That summer went by pretty quickly. A personal first for me: I didn’t know the stand was closing for the season until 10 days before it happened. Usually I have it on my calendar by Labor Day and start praying for a frost alternately to break up the grind. This year has just gone by so quickly and it is not just the old guy in the room, all the help is kind of in shock. Is it really the middle of October already??
The weather contributed to the illusion. The first half of September was brutally hot, with temperatures that made us think that mid July had returned with a vengeance. The drought returned and the static level of the Connecticut River was as low as I have ever seen it in my lifetime here. I had been vigilant to keep the fungicides on the fall vines and tomatoes so we picked cucumbers up until frost and kept the blights off the tomatoes and cherry tomatoes, so things remained healthy. We rather out did ourselves, but the warm late fall has certainly helped.
So the leaves are changing and dropping, looks like we will loose our leaves quickly and foliage might be a bit muted this year. We are reminded that even though our work days are comfortable, they are getting dramatically shorter and soon things could get cold. Our ancient potato harvester (digger) has been a bit uncooperative, so there are still many hundreds of bushels still in the ground, and our carrots, beets and turnips are still out there as well. So we have our hands full, and while the farmstand crew will embark on cleaning and buttoning up the farmstand and gardens, the fall CSA will soon start, and the field crew will marshall on even after our Jamaican friends heads back to the warmth of the Caribbean. I suspect that part of the reason the time has gone by so quickly this year is that our field crew has been on a dead run all summer and short personnel. We hired five local folks for the field crew over the winter to start in early May. Not one of them showed up for the first day of work and only two individuals out of the five actually called us to tell us. So essentially the field crew operated at 66% capacity for the whole summer. That is like having one out of three employees sick every day of the summer. So lots of things didn’t get done. Other things got done, but not done particularly well. Despite that, there were more positives than negatives. The crew that was here was dependable, amiable and marshaled on with a sense of humor. That is worth everything. All our Jamaican workers are 59 or over, but meshed well with younger local employees. We have much to be pleased about.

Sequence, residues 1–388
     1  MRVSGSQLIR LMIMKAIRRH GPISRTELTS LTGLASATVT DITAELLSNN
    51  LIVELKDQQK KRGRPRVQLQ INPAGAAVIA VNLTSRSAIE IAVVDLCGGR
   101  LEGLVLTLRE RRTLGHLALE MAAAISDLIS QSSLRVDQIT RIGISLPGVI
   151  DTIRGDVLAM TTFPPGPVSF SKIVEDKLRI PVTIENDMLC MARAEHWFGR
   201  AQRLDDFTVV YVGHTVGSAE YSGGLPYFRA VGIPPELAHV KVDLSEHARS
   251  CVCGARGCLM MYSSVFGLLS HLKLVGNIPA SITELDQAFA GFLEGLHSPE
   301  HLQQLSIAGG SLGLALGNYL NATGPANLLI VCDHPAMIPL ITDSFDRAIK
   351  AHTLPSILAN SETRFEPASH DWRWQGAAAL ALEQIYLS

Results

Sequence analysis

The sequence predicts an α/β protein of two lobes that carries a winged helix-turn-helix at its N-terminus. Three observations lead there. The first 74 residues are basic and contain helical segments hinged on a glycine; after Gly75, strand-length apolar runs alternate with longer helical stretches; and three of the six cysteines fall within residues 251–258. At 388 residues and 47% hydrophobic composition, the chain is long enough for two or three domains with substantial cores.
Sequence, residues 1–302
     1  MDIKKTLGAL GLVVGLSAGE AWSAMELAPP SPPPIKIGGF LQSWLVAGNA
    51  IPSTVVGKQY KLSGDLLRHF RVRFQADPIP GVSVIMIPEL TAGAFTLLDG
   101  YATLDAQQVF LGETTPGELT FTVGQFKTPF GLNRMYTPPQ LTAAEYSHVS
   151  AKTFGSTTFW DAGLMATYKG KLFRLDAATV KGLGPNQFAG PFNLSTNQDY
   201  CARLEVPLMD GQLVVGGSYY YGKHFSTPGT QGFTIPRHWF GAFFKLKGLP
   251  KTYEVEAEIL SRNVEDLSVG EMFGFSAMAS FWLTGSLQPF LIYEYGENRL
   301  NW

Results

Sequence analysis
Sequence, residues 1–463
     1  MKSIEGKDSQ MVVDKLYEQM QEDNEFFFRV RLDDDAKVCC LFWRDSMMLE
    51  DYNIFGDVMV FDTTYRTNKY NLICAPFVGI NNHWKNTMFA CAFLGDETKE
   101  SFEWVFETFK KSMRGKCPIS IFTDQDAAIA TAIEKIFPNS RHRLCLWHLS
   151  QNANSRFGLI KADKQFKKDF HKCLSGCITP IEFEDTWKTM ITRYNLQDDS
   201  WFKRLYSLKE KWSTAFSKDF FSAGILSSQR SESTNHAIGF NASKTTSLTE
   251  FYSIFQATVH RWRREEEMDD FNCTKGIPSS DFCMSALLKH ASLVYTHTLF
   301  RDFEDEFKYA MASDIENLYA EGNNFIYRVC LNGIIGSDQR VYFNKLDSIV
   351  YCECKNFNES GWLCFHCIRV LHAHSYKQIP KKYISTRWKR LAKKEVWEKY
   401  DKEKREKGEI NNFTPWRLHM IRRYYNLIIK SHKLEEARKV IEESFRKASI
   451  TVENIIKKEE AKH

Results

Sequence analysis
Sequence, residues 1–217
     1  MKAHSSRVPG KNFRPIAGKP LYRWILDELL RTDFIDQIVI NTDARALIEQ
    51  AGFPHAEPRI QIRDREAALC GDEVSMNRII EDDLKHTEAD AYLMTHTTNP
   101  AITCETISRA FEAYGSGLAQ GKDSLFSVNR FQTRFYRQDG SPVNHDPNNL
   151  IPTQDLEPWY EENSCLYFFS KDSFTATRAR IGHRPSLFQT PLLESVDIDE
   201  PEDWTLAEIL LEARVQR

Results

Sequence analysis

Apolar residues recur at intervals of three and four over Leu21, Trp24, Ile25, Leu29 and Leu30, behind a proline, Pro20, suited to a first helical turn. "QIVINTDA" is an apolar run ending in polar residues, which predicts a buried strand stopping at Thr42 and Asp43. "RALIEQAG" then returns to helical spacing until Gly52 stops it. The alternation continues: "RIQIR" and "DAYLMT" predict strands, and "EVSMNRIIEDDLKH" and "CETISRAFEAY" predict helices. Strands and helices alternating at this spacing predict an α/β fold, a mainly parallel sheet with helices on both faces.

Our new barn in which we wash, pack and store produce has worked out very well, although Mike has lamented that we didn’t build it twice the size. The saving in terms of human ergonomics has been more than we could of hoped for, and the facility will also propel us towards compliance with the Food Safety Modernization Act (FSMA).
The pictures below are of the field tomatoes, cover crops and fall cleanup. I guess you have to be a farmer to be interested in the muted greens, blue greens, browns and grays of fall to think of these as pretty pictures. I like to think of it as a refined eye for the subtler colors of fall….who needs red maples when you can feast your eyes on this?